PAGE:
Lynx Gain Needed Guard Depth With Addition of Sims

Odyssey Sims is officially a guard for the Minnesota Lynx.

That’s a sentence I don’t think any WNBA fan would have ever expected to say.

The Lynx announced on Monday that they acquired Sims in a trade with their rival the Los Angeles Sparks in exchange for guard Alexis Jones.

Initially, when looking at the trade for Sims, it’s a really interesting and somewhat of an eyebrow-raising move made by Minnesota for a few reasons unrelated to how Sims impacts a team with her skills.

For the past two seasons while she has been in Los Angeles, Sims and the Lynx have engaged in some back-and-forth on the floor in a few different heated exchanges in big moments.

During Game 4 of the 2017 WNBA Finals, Sims and Lindsay Whalen had a heated exchange after Whalen fouled Sims hard while she was going up for a breakaway layup. That play resulted in Whalen — who said after the game she was “just trying to send a message” — receiving a flagrant 1 foul and eventually getting fined by the WNBA.

The next season, in the 2018 regular season opener at Target Center, Sims and Whalen got into it once again after a timeout was called on the floor. The two exchanged some shoves and words as they made their way back to their respective benches, resulting in multiple technical fouls being called on both sides.

Sims even went on to say post-game that she “didn’t even know if (Whalen) was still on the team at one point” during the game.

The beef between the two sides, mainly Sims and basically a majority of the Lynx team, has been interesting to follow over the past two seasons.

But now, Sims is officially joining the team that she long viewed as one of her bitter rivals and enemies. And she could very well be a nice fit in Minnesota this season.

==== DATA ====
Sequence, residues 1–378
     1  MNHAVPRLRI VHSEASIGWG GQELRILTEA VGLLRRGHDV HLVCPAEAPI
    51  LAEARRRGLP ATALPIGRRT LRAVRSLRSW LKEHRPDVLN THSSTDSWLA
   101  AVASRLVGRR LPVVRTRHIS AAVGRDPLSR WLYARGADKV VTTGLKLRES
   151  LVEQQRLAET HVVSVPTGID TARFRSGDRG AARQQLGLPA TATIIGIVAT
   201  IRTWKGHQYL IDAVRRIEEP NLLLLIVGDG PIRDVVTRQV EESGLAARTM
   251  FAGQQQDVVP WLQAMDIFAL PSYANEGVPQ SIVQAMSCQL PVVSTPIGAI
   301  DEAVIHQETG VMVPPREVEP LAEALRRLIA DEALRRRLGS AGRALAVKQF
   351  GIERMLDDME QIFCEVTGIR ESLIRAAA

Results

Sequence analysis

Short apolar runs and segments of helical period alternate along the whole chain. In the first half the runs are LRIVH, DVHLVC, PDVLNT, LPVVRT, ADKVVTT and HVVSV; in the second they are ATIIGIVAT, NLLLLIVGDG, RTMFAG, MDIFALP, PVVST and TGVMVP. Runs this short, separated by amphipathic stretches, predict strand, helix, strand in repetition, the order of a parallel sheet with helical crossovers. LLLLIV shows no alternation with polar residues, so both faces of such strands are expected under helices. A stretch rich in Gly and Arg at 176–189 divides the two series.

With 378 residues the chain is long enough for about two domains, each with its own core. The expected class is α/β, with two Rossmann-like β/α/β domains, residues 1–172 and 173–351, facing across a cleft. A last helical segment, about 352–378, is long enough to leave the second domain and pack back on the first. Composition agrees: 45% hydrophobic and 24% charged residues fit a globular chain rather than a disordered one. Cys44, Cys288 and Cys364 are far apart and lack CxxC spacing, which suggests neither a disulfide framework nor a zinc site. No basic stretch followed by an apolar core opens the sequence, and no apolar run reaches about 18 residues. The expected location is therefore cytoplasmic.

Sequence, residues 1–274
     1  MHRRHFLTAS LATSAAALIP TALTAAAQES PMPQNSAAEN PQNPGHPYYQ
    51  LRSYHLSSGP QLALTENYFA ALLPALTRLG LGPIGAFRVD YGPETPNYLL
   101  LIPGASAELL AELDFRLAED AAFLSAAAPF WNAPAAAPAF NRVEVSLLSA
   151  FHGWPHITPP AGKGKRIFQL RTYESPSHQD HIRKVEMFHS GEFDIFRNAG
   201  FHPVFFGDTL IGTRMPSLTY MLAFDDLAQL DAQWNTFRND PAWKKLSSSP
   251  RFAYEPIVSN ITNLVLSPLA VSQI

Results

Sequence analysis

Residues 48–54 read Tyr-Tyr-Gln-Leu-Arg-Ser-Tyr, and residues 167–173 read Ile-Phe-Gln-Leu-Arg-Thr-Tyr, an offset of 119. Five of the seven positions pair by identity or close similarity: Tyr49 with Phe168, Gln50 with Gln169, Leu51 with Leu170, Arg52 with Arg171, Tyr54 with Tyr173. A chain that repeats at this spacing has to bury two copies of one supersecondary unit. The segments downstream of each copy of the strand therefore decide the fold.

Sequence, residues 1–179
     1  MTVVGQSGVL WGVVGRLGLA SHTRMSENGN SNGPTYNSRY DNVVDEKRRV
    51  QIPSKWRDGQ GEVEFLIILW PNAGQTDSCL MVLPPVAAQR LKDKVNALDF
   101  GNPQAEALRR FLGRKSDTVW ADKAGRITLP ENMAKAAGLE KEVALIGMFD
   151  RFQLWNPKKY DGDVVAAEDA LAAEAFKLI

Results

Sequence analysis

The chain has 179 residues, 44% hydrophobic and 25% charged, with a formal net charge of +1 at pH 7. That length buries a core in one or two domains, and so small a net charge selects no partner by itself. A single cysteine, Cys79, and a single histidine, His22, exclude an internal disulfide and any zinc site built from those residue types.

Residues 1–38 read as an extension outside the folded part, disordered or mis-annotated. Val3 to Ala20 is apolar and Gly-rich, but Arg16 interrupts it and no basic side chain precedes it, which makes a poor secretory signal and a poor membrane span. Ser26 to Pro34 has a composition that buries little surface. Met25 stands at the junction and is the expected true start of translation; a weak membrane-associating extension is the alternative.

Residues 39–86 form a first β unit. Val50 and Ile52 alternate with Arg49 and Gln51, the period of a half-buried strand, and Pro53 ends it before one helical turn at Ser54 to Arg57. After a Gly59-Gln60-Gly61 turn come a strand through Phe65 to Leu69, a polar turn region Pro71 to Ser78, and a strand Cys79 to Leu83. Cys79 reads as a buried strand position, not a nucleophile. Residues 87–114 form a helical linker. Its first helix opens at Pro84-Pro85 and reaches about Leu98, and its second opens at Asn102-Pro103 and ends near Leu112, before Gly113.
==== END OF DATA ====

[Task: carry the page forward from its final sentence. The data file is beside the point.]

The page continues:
Switching Sides in the Rivalry

As Sims makes her way from the Sparks side of the rivalry over to the Lynx with the trade, her abilities and skills on the court have the ability to help Minnesota right out of the gate in 2019.

Sims is coming off somewhat of a down year in Los Angeles in 2018, averaging 8.2 points, 2.5 rebounds and 2.8 assists in 25.5 minutes per game, while shooting 38.8 percent from the field, 27.3 percent from three and 72.2 percent from the free throw line.

Although her numbers were a bit down a season ago with the Sparks, Sims will likely be allowed the opportunity to get more time on the floor in Minnesota this season, especially with the Lynx no longer having Whalen and Maya Moore in the starting lineup.

Sims also fits in fairly nicely within the rotation and personnel in Minnesota, carrying a defensive-minded approach while also being a tough-nosed player than can create her own shot offensively. She has also started to establish more of an outside game that could prove to be an important addition to the Lynx.

Sims has also shown flashes earlier on in her career that she has the ability to hurt defenses with her offensive production, recording a 44.7 shooting percentage from the field in 2017 and totaling a career shooting percentage of 39 percent entering her sixth season in the WNBA.

The 5-foot-8 guard, who will turn 28 years old in the middle of July, could be a nice pairing alongside Danielle Robinson at the point guard position and will allow veteran guard Seimone Augustus to manage her minutes a little bit more to stay fresh as she continues on in her lengthy career.

Considering the history between Sims and the Lynx and the bitterness that has stood between the two sides throughout the years, it’s going to be weird for many to see her suit up for Minnesota for the first time this season.

But overall, this is a trade that made a lot of sense on many levels for the Lynx. And it could be a trade that helps them make the transition without two star players out of the starting lineup this summer.

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